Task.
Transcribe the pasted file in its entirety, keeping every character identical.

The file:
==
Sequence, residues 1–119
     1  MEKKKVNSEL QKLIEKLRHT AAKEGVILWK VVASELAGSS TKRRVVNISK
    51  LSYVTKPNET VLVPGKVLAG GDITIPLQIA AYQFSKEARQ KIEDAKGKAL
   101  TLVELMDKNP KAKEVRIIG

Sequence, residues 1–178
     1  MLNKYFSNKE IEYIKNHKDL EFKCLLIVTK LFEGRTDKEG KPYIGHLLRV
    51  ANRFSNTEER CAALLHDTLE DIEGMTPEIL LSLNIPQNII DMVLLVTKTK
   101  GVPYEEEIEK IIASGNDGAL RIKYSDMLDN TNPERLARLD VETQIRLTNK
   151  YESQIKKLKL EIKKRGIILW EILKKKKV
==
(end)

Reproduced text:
Sequence, residues 1–119
     1  MEKKKVNSEL QKLIEKLRHT AAKEGVILWK VVASELAGSS TKRRVVNISK
    51  LSYVTKPNET VLVPGKVLAG GDITIPLQIA AYQFSKEARQ KIEDAKGKAL
   101  TLVELMDKNP KAKEVRIIG

Sequence, residues 1–178
     1  MLNKYFSNKE IEYIKNHKDL EFKCLLIVTK LFEGRTDKEG KPYIGHLLRV
    51  ANRFSNTEER CAALLHDTLE DIEGMTPEIL LSLNIPQNII DMVLLVTKTK
   101  GVPYEEEIEK IIASGNDGAL RIKYSDMLDN TNPERLARLD VETQIRLTNK
   151  YESQIKKLKL EIKKRGIILW EILKKKKV